As Republicans gather in Cleveland this week, celebrity businessman and provocateur Donald Trump has within his grasp a long-sought goal: his party's nomination for president. That is an incredible, impossible state of affairs for some — including a number of Republicans who remain in disbelief that a broad field of tested conservatives and elected officials was bested by a brash, elbows-out billionaire sporting a "Make America Great Again" feed cap and a bumper-sticker ideology.
Trump's central task in the coming week will be to knit together a party that is more fractured heading into its convention kickoff than at any time in recent history. While Democrats witnessed Sen. Bernie Sanders finally offering his endorsement of Hillary Clinton last week, "Never Trump" forces were scrambling to subvert their party's presumptive nominee. Seemingly unfamiliar with the notion of the olive branch, Trump on Friday bragged that he had vanquished the rogue group. "Never Trump is never more," he tweeted. "They were crushed last night in Cleveland at Rules Committee." One hardly need spell out the consequences should he one day bring such swagger to global affairs.
Throughout his campaign, Trump has been so light on policy and philosophy that he has sparked doubts among party faithful about his devotion to Republican principles. Perhaps to compensate, the party has produced a platform so conservative that it will be difficult for it to reach beyond a narrowing base. The platform declares pornography a "public health crisis," considers coal to be clean energy and stipulates that laws "must be consistent with God-given, natural rights." It calls for the Bible to be taught in public schools and for a constitutional amendment to overturn the high-court ruling that legalized same-sex marriage. In one of its most troubling planks, the party of Lincoln now calls specifically for a physical wall to be built along the country's southern border.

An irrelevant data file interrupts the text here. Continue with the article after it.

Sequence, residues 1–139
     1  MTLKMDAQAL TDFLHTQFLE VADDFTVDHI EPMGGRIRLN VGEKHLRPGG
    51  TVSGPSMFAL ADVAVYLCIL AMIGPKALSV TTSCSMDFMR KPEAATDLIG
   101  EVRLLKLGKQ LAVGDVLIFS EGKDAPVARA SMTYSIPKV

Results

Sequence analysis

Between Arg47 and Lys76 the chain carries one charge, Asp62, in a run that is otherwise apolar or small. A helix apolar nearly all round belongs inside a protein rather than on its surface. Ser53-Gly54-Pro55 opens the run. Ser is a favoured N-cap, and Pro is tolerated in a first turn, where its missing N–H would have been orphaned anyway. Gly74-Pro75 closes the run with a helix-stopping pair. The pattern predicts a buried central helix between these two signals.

It's clear now that the more presidential style Trump once hinted he would soon unveil is not coming. His is a brash, bullying demeanor that relishes bare-fisted exchanges of insults and has alienated not just most Democrats, but a number of high-ranking Republicans. Many plan to skip the convention, some on the flimsiest of pretexts. Sen. Jeff Flake, of Arizona, literally said he had to mow his lawn. Sen. John McCain will be somewhere over the Grand Canyon. Sarah Palin won't be able to make it in from Alaska.
One suspects Trump would just as soon they and their establishment taint stayed away. His convention will feature an eclectic mix: the black prosperity gospel preacher intent on converting Sanders — who is Jewish — to Christianity; the Hispanic actor who wants President Obama arrested and sent to Guantanamo; basketball coach Bobby Knight, who once choked one of his own players in a fit of rage; and, for good measure, the chief lobbyist for the NRA. Throw in a few elected officials, Las Vegas casino owner Phil Ruffin and you have a spectacle worthy of Trump's old reality TV show.
For all of the gamesmanship, politics is serious business with serious consequences. Trump, it must be admitted, has demonstrated a knack for tapping into the frustrations and yearnings for strong leadership within a significant segment of the electorate that many others had underestimated. Still, the Republican Party is about to make a leap of faith with a candidate who has yet to show the measured temperament and steady hand needed to guide a superpower whose actions (and hesitations) can affect the fate of the world.
Perhaps Trump's selection of low-key Indiana Gov. Mike Pence, who served a decade in the House, indicates Trump is more seriously considering the challenge at hand. This Editorial Board hopes so. Conventions are a time for candidates to frame themselves as future presidents, ready on Day One. So far, Trump has eschewed the statesman model. But in the wake of the blood-soaked tragedy in Nice, France, and the power struggle in Turkey, Trump should at least be prepared to show that he can be patient as well as strong, and willing to look at facts before plunging ahead. If the party must have Trump, cooler Republican heads must set aside their differences and engage quickly to school Trump in the weighty complexities of the office he seeks.
It is also to be hoped that next week's events are not so over-the-top that they spark the kind of protests that endanger everyone. Cleveland is beefing up its security in advance of the 50,000 visitors expected. But its department is still under federal oversight enacted after a Justice Department finding of a pattern of excessive force following the shooting death of 12-year-old Tamir Rice. Ohio also has open-carry laws that will allow many at the convention to carry firearms, although not in the convention hall itself. That is a volatile mix for a nation that finds itself at a flash point in race relations, particularly as regards law enforcement.